- Miranda Nelson / Flickr.com
Upon the denial, Lopez, who has been running the event since 2014, was hit with more than $12,000 in penalties and damages, a ban on applying for any event permit for three years and a revocation of his “priority status” for a permit on April 20 at Civic Center Park every year.
Thus, the permit was open for the taking. According to reporting by Denverite and Westword, employees with “boutique” dispensary chain Eurflora started waiting outside the Wellington Webb building in late October, before the appeal decision even came down. They had hoped being early and eager would give them first dibs, but instead, at 7 a.m. on Nov. 21, they were blindsided by a last-minute newcomer. Michael “Smokey” Ortiz reportedly beat them to the permit counter by mere steps and then mimed a toke in their direction as a celebratory taunt.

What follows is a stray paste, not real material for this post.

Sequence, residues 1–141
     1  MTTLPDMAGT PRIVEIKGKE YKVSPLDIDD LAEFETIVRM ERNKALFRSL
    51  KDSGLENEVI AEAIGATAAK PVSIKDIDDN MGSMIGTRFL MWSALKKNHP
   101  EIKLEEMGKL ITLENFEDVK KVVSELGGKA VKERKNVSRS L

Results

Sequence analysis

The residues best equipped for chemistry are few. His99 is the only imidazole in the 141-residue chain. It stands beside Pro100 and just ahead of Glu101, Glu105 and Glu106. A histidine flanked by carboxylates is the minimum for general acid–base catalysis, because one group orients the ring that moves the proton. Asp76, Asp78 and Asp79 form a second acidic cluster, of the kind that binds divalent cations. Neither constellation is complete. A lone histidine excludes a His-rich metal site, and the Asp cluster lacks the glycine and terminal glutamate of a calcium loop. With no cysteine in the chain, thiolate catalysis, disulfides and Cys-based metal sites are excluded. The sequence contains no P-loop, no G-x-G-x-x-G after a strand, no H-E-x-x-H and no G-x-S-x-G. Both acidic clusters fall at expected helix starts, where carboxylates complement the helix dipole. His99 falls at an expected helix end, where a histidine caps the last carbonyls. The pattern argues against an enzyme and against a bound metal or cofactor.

Denverite wrote that Ortiz is a friend of Lopez and was seen high-fiving Lopez’s event manager on his way out of the building. Meanwhile, activist lawyer Rob Corry, who represents Lopez, told the Cannabist the rally is his trademark and he’ll continue the fight for his client to retain the permit.
Indeed, Corry registered “420 rally” as a trade name with the Colorado Secretary of State in May of this year, but no iteration of the name came up in a search of the federal trademark database.
“We own that, we invented the 420 rally,” he told the Cannabist. “It’s us or nobody.”